To survive in the remote, sandstorm-prone Thar Desert region of northwestern India, structures require rugged sandstone. Builders there specialize in the intricate carving and stacking of stones to provide shelter, shade, and defense from the desert’s fierce winds. The new Rajkumari Ratnavati Girl’s School, outside the city of Jaisalmer, Rajasthan, was designed by Diana Kellogg Architects as an elliptical fortress, using ancient techniques to block the sand and sun. The regional craftspeople who inherited this vernacular were called upon to build it.
Despite the traditional building methods, this school for 400 girls from kindergarten to high school is also an attempt to move the community in a new direction. Commissioned by CITTA, a nonprofit that supports development in geographically remote communities, and designed pro bono, the project is a subtle yet significant plug for female education. “The area is really resistant to teaching their girls,” says Kellogg, whose firm is based in New York. Getting locals to build the school, she hopes, will make it “less intimidating to send their girls there.”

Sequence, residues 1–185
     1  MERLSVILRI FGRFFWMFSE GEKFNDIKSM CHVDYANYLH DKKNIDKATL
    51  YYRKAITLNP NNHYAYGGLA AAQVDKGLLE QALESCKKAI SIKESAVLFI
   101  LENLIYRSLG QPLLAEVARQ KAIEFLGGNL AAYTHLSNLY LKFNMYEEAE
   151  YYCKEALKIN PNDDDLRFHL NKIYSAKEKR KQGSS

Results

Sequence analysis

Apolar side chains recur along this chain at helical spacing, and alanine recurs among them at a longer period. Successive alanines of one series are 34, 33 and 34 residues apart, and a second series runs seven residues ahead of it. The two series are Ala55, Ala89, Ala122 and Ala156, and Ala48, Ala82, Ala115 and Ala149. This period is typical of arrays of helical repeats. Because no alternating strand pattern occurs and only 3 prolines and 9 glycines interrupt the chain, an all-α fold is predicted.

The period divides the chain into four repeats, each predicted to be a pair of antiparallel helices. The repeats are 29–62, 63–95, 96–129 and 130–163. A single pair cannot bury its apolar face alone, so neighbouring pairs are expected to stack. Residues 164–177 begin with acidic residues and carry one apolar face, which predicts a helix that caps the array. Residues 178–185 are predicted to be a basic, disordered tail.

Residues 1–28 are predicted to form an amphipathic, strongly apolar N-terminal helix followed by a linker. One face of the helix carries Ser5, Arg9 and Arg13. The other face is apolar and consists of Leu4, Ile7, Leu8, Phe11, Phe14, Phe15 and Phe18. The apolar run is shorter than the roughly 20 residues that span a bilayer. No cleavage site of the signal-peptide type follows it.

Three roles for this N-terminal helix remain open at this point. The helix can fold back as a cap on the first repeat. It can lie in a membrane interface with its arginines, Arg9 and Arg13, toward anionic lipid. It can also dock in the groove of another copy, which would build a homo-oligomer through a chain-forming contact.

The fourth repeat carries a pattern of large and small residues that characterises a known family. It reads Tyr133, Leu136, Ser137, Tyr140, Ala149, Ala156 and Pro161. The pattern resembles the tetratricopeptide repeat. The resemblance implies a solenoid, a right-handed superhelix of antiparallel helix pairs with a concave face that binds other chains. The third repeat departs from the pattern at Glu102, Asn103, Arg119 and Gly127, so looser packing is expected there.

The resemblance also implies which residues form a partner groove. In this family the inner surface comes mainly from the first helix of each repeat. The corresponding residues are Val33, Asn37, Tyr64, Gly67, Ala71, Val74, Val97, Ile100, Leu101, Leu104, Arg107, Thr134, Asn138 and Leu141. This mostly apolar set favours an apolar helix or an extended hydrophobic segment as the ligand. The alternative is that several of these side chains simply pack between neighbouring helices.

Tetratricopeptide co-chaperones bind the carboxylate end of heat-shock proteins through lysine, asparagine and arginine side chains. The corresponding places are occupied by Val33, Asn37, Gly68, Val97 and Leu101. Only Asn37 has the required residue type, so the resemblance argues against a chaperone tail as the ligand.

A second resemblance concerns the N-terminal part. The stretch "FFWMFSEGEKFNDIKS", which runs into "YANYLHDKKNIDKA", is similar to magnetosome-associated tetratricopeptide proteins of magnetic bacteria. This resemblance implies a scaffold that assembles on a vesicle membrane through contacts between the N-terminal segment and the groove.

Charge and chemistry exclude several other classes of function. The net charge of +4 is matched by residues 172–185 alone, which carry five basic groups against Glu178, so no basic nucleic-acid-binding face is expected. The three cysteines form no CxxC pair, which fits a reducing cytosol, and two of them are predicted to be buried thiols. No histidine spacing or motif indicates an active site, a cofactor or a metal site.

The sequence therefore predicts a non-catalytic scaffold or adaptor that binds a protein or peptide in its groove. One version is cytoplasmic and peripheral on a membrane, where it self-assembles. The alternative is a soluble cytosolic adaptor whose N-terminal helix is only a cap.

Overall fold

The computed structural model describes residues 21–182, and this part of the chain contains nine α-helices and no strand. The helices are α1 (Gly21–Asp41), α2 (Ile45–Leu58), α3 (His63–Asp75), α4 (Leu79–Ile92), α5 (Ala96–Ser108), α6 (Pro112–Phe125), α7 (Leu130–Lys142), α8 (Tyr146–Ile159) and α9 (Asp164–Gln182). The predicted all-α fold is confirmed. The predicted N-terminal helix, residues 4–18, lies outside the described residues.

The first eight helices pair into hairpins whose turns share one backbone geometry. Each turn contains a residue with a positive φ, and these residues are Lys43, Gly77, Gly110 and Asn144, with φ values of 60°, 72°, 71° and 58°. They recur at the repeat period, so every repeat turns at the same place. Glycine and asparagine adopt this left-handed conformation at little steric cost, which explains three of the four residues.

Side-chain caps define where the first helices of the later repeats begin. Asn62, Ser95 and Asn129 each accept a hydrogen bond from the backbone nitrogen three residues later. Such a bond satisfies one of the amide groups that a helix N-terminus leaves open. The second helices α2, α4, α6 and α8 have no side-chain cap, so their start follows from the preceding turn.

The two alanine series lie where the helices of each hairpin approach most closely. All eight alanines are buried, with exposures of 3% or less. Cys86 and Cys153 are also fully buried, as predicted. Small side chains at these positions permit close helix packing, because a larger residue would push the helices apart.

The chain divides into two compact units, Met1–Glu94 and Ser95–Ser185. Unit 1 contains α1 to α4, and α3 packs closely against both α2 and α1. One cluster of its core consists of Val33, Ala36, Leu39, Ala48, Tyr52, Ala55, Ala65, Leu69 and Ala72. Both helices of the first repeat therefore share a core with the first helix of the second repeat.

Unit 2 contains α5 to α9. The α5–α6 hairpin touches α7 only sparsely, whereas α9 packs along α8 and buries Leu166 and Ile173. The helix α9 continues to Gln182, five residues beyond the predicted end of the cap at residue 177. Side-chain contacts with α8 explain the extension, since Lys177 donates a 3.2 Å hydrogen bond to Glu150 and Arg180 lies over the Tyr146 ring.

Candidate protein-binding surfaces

It seems to be working. Though the pandemic hampered the school’s opening, the daughters of several of the construction workers plan on attending. During construction, local women joined local craftsmen to dig the school’s foundation and lift its stones. What they built for their community’s girls is a physical pledge for a different future.
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